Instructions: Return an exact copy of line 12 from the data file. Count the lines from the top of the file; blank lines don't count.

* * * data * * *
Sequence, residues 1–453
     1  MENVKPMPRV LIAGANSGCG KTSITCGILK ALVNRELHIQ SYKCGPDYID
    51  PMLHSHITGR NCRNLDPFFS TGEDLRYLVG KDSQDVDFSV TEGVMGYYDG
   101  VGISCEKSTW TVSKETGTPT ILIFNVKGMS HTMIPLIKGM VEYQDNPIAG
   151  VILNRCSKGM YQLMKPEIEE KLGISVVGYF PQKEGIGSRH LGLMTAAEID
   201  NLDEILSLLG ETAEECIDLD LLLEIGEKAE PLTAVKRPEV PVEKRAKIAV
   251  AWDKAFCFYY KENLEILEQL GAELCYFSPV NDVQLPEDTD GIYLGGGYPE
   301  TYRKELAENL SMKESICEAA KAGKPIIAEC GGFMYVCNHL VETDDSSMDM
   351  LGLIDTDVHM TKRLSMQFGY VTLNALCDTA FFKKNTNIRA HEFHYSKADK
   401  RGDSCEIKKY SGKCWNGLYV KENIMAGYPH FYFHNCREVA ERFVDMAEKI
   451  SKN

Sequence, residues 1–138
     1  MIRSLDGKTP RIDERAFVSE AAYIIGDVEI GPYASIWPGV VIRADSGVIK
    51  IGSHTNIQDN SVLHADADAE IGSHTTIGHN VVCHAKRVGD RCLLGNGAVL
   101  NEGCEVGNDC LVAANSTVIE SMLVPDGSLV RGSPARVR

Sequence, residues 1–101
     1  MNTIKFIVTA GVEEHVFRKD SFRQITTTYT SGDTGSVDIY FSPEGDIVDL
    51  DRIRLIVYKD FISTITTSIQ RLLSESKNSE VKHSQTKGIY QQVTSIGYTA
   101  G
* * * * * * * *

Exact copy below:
Sequence, residues 1–138